Psychotherapy provides space to address your relationship needs
Depression-related apathy, irritation, and detachment can steal years from your relationships – you can go too long without having an emotional space for your relationships to bloom.
You may feel helpless to start creating that emotional space for relationships on your own.
Psychotherapy, in itself, is a process of creating a healthy and authentic relationship with a therapist – a genuine connection infused with authentic and raw humanity moments. It will help you alleviate your sense of disconnecting, loneliness, and hopelessness. Feeling authentically connected in therapy will help you start showing in your relationships more and more authentic ways as well.
You can begin to enjoy the beauty of your relationships with those you love. Maybe you kids, your partner, your friend, or your colleagues…
Psychotherapy can help see beyond the darkness of the depression
While depression holds you stuck in dread and disappointment, psychotherapy can help shift the “mind” of your relationship. Old, automatic depressive feelings, beliefs, and reactions can be faced and healed through the psychotherapeutic process of a human being benign attuned to your own relational needs.
Balancing out the hopelessness and negative tendency with the beauty that is in your relationships is important in shifting depression and therefore your ability to start relating to others in more meaningful and fulfilling ways.
Therapy challenges and heals the depressive patterns that drive you deeper into colorless doom and gloom.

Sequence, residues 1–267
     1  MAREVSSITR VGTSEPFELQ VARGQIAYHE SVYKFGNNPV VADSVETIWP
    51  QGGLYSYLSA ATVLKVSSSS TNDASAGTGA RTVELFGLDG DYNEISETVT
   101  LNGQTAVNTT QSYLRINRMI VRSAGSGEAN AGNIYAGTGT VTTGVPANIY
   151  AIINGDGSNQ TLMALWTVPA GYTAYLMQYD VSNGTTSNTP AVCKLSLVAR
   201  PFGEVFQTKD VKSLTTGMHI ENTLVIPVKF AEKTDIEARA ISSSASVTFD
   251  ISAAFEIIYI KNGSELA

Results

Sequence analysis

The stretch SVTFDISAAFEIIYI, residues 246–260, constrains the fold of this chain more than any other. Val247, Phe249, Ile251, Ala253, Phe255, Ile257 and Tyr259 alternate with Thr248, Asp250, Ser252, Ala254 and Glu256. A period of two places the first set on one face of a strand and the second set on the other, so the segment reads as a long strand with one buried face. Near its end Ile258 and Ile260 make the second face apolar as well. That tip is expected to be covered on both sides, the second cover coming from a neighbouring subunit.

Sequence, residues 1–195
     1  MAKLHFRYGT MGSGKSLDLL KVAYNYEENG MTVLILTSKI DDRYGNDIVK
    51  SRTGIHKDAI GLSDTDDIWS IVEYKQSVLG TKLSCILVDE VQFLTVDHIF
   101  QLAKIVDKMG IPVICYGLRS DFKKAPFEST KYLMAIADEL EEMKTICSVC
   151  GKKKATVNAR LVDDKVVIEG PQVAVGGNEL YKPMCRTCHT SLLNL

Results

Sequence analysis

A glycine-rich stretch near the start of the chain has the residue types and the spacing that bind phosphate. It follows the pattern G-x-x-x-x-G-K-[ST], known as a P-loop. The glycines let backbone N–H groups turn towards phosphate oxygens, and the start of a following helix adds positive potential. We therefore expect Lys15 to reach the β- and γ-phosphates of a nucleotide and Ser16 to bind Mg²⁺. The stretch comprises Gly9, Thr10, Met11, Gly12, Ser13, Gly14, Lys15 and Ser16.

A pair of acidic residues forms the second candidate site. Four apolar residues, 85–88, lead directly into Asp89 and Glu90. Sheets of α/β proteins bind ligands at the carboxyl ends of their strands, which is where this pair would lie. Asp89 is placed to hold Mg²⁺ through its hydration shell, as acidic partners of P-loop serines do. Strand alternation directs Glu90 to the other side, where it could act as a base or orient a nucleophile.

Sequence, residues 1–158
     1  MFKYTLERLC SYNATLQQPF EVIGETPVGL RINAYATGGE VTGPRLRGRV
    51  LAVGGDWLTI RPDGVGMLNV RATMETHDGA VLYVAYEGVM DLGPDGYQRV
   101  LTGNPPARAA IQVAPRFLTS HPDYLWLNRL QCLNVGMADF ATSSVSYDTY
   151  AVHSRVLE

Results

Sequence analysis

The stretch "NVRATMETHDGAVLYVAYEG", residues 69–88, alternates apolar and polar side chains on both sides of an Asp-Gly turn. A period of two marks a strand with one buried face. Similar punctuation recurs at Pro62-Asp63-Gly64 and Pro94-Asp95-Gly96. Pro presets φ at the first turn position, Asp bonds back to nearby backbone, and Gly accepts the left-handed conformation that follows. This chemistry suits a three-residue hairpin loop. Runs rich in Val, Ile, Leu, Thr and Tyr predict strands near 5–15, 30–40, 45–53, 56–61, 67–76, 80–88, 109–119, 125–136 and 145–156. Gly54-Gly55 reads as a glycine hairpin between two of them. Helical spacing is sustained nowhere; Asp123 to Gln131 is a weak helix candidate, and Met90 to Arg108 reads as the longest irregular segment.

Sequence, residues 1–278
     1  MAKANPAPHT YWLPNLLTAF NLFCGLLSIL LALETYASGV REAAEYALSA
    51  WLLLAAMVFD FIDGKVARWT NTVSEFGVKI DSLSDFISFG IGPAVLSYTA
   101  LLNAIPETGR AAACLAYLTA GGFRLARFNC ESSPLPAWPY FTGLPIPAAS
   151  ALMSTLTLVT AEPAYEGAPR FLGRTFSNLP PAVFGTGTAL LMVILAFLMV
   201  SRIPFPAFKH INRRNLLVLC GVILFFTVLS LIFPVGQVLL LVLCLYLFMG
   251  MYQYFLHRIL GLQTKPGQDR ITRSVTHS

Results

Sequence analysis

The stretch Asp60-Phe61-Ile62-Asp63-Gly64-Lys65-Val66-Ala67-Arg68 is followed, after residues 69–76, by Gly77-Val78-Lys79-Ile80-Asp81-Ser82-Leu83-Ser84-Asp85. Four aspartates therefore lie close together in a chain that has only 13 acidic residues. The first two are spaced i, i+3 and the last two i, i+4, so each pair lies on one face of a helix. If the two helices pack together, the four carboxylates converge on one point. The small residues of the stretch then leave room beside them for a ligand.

All told, depressive withdrawal, loneliness and low self-esteem damage your ability to tap into your ability and pleasure of creating joyful moments in togetherness with others.
Therapy will help you tap into vulnerability, self-compassion, mutual appreciation, and the stability of your love for others as a force against dark moods.
Psychotherapy can heal the root of your depression and relationships challenges
Psychotherapy is a journey that can really heal the root of depression. In particular when depression is rooted in relational trauma there is no other more powerful way to address depression.
You, in your heart, know if depression is related to unhealed relational wounds. Maybe you’ve been over and over again emotionally ignored and not played with as a child. Or, criticized, controlled, dominated or shamed. It could be that you’ve never really felt safe, understood, or seen as a child. Rejected time and time again. Perhaps you’ve witnessed your parents abusing and neglecting each other.
Now, as an adult you repeat relational patterns that leave you stuck feeling emotionally flat, joyless, unstimulated, and “better off” being alone in your own internal bubble.
To overcome these old injuries you need a therapist that has relational trauma expertise. A combination of psychodynamic treatment based on the neuropsychology of relationships and attachment-focused-EMDR are powerful and effective in treating relational trauma from its roots.
Take the Next Step
When depression wears on the fabric of your relationship, don’t withdraw. All is not hopeless. Don’t give up on yourself or others. Seek healing and connection to yourself and others.
Life takes a different dimension with meaningful connections and fulfilling relationships.
I am Mihaela Ivan Holtz, Doctor in Clinical Psychology. I am specialized in treating emotional trauma and in working with creatives and performers with emotional trauma, depression, anxiety, performance anxiety, creativity, relationships and love, PTSD, and addictions.